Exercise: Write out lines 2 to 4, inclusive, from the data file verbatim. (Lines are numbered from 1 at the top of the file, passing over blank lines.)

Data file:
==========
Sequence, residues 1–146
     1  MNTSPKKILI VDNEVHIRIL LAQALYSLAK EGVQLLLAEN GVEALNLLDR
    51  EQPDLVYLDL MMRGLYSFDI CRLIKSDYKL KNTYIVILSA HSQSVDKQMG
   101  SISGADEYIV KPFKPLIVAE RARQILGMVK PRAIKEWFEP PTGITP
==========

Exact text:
     1  MNTSPKKILI VDNEVHIRIL LAQALYSLAK EGVQLLLAEN GVEALNLLDR
    51  EQPDLVYLDL MMRGLYSFDI CRLIKSDYKL KNTYIVILSA HSQSVDKQMG
   101  SISGADEYIV KPFKPLIVAE RARQILGMVK PRAIKEWFEP PTGITP